LOSFA staff members Winona Walker Kahao, Diane Pfeifer, Jennifer Burton, Sigmund Morel and Ian Scott were assisted by other professionals from the student assistance community: NSUs Mike Fuller, Chris Maggio, Jennifer Maggio and Misty Mayeux; Don Buehrer of Sallie Mae; Margaret French of American College Testing; and Janice Chapman from Bossier Parish Community College all shared their expertise with the Trailblazers.
Because many lenders participating in LOSFAs Federal Family Education Loan Program generously contributed financially to the Trailblazer Camp, the students were also able to enjoy some fun "extracurricular" activities which included a dance, complete with deejay, a pizza party and an ice cream sundae break. Lenders also attended the Camp on Tuesday morning and distributed informational materials and promotional items to the Trailblazers.
Every high school in Louisiana is invited and encouraged to designate an outstanding entering senior to attend the camp. For the past two years, Clarice Goodly, guidance counselor at Mamou High School, has accompanied her schools Trailblazer to the camp. According to Goodly, students often respond better to their peers than to adults. She feels it is beneficial to have a trained high school senior ready to offer financial information on a daily basis to his fellow students.
Mrs. Irene Mouton accompanied her daughter, Tashona, to Trailblazer Camp, and she suggested that there should be a place or time set aside for the parents. "The diverse and vast information provided is a definite necessity for the college bound student," Mrs. Mouton says. "I wish there were a smaller program for parents. The Trailblazer program is positively an asset to the education process."
Next years Trailblazer Camp is already in the planning stages and is scheduled for July 19-21, 1998, at NSU. For further information, or to volunteer services or assistance, call 1-800-259-5626, ext. 1012.
Thousands of phone calls from interested students and parents pour daily into LOSFA offices requesting information about the landmark scholarship program recently passed by the 1997 Legislature.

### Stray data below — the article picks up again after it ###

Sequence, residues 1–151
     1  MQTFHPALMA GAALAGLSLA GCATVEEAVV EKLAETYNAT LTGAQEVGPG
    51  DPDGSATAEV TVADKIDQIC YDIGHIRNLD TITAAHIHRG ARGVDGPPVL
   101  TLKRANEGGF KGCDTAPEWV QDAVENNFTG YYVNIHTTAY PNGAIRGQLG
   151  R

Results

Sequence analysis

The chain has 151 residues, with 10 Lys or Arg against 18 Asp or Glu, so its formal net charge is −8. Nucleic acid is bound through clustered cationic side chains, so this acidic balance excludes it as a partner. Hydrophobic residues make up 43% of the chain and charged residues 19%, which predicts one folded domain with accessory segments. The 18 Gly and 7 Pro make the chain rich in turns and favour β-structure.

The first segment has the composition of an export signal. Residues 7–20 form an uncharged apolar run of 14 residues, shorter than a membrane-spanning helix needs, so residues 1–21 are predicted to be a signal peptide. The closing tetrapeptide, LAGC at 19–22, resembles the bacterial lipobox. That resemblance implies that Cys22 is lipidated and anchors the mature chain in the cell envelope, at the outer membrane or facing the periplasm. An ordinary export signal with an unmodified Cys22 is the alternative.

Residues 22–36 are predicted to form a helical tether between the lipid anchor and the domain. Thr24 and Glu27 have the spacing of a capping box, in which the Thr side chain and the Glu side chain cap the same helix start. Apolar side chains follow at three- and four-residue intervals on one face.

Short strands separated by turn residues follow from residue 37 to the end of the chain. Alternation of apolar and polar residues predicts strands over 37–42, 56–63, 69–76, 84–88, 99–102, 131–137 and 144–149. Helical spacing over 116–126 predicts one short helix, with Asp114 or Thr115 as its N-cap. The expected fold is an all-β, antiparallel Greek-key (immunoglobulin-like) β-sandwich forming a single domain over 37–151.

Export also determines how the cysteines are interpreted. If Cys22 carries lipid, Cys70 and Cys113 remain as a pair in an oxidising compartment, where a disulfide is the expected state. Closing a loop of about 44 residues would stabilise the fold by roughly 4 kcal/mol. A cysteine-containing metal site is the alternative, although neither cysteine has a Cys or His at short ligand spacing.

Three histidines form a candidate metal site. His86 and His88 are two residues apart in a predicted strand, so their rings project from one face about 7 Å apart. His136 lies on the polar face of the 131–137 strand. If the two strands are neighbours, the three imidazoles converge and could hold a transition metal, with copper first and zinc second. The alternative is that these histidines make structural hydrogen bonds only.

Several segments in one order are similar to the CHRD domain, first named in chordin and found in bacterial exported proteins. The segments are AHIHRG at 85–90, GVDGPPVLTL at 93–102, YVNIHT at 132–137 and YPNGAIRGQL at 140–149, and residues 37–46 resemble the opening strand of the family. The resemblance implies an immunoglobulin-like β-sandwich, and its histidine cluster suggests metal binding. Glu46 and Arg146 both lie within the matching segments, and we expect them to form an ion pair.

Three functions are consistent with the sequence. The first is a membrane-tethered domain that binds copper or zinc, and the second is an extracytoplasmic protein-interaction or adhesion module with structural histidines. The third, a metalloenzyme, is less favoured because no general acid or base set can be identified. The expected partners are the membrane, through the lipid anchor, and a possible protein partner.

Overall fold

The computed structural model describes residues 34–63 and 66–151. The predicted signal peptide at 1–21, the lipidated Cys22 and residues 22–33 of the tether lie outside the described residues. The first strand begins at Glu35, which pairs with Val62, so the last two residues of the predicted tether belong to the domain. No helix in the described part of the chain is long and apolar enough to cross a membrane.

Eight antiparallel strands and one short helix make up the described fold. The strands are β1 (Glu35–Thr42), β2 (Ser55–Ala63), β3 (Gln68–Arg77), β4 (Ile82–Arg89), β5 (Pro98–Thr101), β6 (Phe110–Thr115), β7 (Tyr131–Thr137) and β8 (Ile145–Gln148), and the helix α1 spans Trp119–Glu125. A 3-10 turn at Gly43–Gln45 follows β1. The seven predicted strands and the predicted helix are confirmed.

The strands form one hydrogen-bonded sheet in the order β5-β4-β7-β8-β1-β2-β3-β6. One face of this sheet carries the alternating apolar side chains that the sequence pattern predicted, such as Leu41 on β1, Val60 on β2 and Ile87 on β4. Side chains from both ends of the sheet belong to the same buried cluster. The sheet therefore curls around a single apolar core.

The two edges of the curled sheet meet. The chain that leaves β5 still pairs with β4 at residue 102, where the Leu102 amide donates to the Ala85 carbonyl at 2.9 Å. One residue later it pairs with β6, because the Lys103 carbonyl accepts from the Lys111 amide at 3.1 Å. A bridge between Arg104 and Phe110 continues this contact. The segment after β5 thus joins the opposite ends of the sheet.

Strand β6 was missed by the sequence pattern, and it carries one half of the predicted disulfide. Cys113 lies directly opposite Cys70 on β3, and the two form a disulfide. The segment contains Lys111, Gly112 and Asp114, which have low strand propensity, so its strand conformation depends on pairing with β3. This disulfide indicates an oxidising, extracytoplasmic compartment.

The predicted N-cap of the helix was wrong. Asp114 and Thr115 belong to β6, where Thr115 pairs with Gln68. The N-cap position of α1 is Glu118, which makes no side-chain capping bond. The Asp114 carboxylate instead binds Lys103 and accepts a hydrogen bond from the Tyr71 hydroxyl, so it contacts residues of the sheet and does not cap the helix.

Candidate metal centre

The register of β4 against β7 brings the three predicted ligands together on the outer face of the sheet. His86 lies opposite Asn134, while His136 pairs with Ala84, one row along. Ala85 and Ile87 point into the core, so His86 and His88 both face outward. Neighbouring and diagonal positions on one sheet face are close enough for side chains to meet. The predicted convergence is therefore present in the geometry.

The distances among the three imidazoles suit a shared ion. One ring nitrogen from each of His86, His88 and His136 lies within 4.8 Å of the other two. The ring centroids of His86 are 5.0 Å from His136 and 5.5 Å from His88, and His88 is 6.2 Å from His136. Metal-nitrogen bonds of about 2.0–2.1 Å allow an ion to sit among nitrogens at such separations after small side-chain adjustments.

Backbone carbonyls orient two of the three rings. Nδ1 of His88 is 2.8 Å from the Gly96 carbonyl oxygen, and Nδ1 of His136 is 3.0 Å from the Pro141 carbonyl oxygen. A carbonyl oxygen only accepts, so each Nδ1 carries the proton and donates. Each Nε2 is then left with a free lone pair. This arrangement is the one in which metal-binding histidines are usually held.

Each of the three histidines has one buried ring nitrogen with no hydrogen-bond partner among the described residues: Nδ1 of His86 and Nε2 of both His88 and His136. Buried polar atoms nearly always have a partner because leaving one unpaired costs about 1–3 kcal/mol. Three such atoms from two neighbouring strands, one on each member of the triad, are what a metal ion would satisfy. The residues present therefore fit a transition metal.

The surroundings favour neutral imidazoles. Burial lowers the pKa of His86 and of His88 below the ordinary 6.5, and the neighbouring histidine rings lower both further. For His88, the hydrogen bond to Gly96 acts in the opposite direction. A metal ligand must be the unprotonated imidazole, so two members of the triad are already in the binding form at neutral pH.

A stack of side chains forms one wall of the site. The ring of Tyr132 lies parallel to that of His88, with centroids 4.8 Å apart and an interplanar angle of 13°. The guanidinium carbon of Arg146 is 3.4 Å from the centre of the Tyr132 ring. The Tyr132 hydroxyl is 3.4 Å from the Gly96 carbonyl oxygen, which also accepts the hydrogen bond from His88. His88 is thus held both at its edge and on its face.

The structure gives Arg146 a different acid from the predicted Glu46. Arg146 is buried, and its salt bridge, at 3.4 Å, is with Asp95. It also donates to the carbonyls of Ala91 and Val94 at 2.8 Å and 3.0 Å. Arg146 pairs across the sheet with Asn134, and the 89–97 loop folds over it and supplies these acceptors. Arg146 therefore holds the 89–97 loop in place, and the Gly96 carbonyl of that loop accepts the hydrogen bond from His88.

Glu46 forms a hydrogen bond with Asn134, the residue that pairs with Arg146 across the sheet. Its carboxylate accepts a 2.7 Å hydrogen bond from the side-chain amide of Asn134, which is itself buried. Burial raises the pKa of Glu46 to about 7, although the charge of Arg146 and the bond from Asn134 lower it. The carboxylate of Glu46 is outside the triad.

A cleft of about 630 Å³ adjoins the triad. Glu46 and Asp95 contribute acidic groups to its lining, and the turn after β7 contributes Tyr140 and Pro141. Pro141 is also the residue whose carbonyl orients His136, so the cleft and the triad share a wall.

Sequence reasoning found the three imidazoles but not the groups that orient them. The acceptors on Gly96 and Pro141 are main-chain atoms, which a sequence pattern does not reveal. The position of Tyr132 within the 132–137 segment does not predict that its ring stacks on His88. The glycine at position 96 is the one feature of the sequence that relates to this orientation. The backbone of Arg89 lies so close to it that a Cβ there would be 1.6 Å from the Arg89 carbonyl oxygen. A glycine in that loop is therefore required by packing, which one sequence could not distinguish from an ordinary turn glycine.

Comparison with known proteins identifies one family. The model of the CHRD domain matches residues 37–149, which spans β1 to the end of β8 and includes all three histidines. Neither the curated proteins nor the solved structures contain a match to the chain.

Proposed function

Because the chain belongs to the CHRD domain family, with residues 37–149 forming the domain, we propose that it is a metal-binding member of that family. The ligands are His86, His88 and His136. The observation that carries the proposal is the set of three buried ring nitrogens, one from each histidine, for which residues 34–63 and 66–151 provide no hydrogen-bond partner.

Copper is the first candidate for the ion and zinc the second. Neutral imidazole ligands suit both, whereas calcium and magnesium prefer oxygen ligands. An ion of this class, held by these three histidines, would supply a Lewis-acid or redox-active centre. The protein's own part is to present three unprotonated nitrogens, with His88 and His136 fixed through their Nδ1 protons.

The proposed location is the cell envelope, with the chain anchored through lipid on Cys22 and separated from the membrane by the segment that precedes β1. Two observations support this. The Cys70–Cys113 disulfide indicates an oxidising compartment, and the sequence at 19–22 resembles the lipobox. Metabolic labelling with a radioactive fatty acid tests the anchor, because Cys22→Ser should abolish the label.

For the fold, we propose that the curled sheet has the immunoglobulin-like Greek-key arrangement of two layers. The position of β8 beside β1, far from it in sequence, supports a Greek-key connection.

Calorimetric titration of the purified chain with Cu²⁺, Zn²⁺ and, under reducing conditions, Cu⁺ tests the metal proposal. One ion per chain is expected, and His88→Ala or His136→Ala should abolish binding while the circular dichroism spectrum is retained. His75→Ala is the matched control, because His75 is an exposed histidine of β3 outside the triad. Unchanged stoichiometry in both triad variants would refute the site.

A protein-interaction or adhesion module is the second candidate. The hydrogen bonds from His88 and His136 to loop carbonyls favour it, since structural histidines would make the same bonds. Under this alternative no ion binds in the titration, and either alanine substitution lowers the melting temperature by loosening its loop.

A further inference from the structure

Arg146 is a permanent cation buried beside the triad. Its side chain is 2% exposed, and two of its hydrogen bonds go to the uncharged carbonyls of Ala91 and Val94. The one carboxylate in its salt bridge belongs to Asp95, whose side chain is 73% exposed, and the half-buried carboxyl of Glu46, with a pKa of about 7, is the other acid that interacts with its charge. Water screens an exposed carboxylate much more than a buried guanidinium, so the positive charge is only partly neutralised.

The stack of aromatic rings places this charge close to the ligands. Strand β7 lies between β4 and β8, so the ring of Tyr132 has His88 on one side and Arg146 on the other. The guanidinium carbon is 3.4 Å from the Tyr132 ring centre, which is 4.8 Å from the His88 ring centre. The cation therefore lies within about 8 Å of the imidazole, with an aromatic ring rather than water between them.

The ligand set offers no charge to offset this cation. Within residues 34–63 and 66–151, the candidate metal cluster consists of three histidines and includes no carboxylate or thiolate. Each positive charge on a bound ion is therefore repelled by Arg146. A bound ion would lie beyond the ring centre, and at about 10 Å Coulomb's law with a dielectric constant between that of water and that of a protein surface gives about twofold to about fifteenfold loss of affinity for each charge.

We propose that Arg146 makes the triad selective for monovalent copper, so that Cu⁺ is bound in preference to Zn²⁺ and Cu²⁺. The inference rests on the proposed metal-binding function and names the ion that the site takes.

The Tuition Opportunity Program for Students, or TOPS, as it is known, is the most generous state program in the entire nation and is specifically designed to encourage the brightest Louisiana students to attend Louisiana colleges. It will, over the next five years, more than double the number of Louisiana high school graduates eligible to receive tuition waivers. The waivers will be available to students from families of all income levels and to students who have average grades as well as those who are academically gifted.
Any graduating high school student who achieves a 2.50 grade-point average in a college-preparatory curriculum and who scores the state average on the American College Test (ACT) is eligible to receive free college tuition. Open only to Louisiana residents, the program attempts to "make college affordable for every child in Louisiana," says Rep. Charles McDonald, D-Monroe, an author of House Bill 2154 that created the plan.
With the exception of the TOPS Teacher Award, which is funded for school year 1997-98, the TOPS program will make its first awards in 1998-99. TOPS allows students to seek awards based on different levels of academic achievement and provides extra assistance in the form of a cash stipend for students with higher grades and ACT scores. TOPS "puts some responsibility on the student," says Carol Coltharp, spokeswoman for the State Board of Regents, the policy-making board for higher education. "This says if you make good grades and take the right courses, heres a free education."
Although the program was originally intended to apply only to high school students graduating in 1998 and beyond, the Louisiana Student Financial Assistance Commission voted to extend eligibility for the TOPS Opportunity, Honors, and Performance Awards to 1997 graduates. (See "TOPS Scores Big with '97 Grads," page 10).
TOPS represents a major overhaul of two of the states existing scholarship programs: the Tuition Assistance Plan (TAP), also called the Taylor Plan, which started in 1989, and the Louisiana Honors Scholarship, which has been awarded to the top five percent of high school graduates since 1992.